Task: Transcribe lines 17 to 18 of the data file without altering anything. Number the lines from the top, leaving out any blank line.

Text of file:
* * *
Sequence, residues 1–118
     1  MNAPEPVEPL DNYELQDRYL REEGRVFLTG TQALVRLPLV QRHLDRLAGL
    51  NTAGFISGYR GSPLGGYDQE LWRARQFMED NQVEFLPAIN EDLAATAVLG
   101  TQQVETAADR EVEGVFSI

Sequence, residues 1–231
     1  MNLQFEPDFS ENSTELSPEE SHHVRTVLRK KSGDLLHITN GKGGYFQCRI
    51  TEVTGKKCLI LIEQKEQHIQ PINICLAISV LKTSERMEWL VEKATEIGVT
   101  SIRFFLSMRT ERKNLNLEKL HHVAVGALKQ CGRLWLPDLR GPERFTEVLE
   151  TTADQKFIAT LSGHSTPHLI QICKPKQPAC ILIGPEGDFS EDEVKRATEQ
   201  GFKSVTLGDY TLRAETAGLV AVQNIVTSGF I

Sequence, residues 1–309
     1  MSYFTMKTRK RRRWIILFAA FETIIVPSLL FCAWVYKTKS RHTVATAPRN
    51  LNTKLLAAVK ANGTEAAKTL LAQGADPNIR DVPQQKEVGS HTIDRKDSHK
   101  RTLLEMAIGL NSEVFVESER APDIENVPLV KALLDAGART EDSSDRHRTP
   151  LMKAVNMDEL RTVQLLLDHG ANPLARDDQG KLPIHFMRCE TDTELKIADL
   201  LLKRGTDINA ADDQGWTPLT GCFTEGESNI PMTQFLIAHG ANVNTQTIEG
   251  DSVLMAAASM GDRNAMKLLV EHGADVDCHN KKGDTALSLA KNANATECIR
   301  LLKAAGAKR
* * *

   251  DSVLMAAASM GDRNAMKLLV EHGADVDCHN KKGDTALSLA KNANATECIR
   301  LLKAAGAKR